Mussels Excreting Microplastics May Help Clean the Ocean

The way some bivalves excrete substances could make it easier to clear them out
By Steve Huff,  Newser Staff
Posted Jun 7, 2023 2:58 PM CDT
Mussels That Eat Microplastics Could Help Clean the Oceans
   (Getty Images / J. Prescott)

In fighting one of the most elusive pollutants in our oceans, scientists have found an unexpected ally: the blue mussel (Mytilus edulis). Science reports that this hungry little filter-feeding mollusk isn't just impervious to the trillions of microplastics littering the Earth's oceans; it may hold a solution to mitigating pollutants' impacts. Microplastics, particles less than five millimeters, are challenging to clean up because they are so tiny and pervasive across most marine ecosystems, posing a real threat to marine life and, potentially, to human health. However, as the NOAA has discussed in a podcast, blue mussels are known to ingest these microplastics alongside their regular diet, holding them inside feces that is easier to filter out of the water.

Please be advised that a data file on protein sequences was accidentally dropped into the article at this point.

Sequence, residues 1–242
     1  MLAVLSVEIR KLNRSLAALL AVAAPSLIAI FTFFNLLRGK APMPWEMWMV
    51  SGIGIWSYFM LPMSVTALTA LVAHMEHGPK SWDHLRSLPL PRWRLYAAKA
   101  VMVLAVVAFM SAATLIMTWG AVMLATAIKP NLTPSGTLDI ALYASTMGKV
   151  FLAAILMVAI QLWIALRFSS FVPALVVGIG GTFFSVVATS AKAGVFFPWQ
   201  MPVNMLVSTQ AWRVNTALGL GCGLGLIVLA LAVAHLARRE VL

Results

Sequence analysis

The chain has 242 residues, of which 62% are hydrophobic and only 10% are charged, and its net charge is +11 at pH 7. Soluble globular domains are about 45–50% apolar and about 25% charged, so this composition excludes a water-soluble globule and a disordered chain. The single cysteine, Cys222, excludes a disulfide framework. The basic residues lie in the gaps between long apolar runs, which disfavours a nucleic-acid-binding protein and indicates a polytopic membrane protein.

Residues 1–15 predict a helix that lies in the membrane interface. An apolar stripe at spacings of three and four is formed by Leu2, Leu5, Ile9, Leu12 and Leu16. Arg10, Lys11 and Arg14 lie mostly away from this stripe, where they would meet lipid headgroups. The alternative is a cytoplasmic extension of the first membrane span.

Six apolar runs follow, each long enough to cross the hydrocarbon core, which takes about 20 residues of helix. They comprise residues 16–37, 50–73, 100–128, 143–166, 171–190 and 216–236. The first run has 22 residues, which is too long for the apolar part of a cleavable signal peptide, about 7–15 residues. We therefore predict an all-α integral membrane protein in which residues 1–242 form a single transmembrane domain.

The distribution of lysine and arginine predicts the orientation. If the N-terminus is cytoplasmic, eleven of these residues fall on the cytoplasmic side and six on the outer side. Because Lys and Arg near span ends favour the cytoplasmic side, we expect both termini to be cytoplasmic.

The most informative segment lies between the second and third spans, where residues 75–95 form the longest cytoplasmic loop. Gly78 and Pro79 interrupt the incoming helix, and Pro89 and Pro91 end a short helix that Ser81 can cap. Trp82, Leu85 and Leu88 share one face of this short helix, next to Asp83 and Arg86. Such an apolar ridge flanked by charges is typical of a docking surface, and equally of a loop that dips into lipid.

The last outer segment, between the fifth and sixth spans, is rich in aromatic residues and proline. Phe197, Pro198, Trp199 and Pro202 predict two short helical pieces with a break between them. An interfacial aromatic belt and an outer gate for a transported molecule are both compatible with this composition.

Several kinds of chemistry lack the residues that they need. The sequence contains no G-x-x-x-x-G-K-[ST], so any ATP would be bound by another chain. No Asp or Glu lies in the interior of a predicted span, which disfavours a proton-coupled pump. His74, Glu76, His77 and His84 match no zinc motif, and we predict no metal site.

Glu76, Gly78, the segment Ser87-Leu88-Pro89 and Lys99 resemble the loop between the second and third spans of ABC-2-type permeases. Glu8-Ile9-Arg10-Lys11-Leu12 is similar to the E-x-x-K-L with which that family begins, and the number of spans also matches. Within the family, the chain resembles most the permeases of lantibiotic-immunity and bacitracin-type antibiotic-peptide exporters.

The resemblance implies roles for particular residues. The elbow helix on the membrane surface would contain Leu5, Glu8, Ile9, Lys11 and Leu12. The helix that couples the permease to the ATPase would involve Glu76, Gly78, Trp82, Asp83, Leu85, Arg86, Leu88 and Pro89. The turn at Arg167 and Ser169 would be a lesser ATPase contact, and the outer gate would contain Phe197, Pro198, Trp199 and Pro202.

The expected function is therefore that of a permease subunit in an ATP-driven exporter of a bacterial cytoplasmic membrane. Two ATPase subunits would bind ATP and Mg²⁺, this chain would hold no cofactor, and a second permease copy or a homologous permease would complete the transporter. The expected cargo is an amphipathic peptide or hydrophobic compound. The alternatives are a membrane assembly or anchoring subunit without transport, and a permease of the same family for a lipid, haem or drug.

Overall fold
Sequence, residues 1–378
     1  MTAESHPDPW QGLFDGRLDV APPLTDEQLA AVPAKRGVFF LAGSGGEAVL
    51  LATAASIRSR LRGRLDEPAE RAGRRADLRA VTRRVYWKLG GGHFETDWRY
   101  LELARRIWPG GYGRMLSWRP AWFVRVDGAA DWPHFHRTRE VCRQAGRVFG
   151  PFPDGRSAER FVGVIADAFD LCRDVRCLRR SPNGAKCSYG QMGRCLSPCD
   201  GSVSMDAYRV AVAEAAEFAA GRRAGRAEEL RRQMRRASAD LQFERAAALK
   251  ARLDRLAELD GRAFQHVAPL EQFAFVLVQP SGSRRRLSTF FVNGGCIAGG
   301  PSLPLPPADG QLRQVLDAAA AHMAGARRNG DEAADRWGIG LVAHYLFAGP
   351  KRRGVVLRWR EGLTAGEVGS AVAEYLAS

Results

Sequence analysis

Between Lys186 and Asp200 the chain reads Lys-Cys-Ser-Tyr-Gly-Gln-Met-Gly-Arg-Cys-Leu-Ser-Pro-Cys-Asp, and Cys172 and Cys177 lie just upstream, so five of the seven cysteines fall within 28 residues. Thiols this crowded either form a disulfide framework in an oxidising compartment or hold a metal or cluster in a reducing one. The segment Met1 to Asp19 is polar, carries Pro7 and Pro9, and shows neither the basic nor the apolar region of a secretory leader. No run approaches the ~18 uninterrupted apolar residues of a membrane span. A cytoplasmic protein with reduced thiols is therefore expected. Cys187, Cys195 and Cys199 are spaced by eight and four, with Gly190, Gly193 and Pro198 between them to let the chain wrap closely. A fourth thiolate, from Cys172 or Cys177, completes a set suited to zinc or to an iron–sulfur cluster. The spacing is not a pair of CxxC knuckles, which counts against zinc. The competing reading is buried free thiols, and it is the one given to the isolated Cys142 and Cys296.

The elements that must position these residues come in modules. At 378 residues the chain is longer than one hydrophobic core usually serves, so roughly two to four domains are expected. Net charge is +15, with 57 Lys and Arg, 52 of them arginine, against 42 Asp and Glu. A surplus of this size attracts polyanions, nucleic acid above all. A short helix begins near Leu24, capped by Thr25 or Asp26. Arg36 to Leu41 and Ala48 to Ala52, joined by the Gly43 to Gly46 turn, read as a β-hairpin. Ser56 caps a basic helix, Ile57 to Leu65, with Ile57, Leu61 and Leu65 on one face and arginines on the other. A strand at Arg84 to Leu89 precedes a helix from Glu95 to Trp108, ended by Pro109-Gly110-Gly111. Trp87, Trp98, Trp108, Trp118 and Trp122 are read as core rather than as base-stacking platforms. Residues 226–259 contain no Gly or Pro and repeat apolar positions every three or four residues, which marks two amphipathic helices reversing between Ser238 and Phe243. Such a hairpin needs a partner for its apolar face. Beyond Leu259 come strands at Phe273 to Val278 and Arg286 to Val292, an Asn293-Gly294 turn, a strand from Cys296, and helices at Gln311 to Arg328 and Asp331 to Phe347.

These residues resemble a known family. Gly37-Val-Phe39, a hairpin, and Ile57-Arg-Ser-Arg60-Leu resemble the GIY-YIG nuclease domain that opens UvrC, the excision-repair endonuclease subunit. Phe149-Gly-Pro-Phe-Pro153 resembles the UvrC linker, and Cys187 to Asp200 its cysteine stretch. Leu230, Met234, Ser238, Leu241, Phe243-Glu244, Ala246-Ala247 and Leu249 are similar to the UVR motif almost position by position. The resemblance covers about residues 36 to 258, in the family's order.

Recent studies have affirmed the capabilities of blue mussels to filter microplastics from their environment—which a World Economic Forum article affirms doesn't harm the creatures—both in lab settings and real-world conditions. In the lab, mussels consumed up to two-thirds of the microplastics in their tanks, holding them in their feces. Additionally, mussels tested in a nearby marina demonstrated similar effectiveness in the wild, filtering as many as 240 microplastic particles per day. The lab results suggest that mussels could potentially remove an even greater quantity of microplastics with higher concentrations in the water. That's about a quarter million particles per hour.

While this discovery is promising, experts caution that using mussels as a standalone solution to microplastic pollution might not be feasible. Estimates say that it could take millions of mussels filtering 24 hours per day to impact the water in just a single bay. Furthermore, maintaining a balanced ecosystem restricts the number of mussels that can be introduced to an area at any time. Still, there is potential for the microplastics captured in mussel poop to become trapped in seafloor sediment, posing less risk to marine life.One major takeaway from this research is that while mussels might help mitigate microplastics' impact, the ultimate solution lies in stopping plastic pollution at its source. (Read more microplastics stories.)

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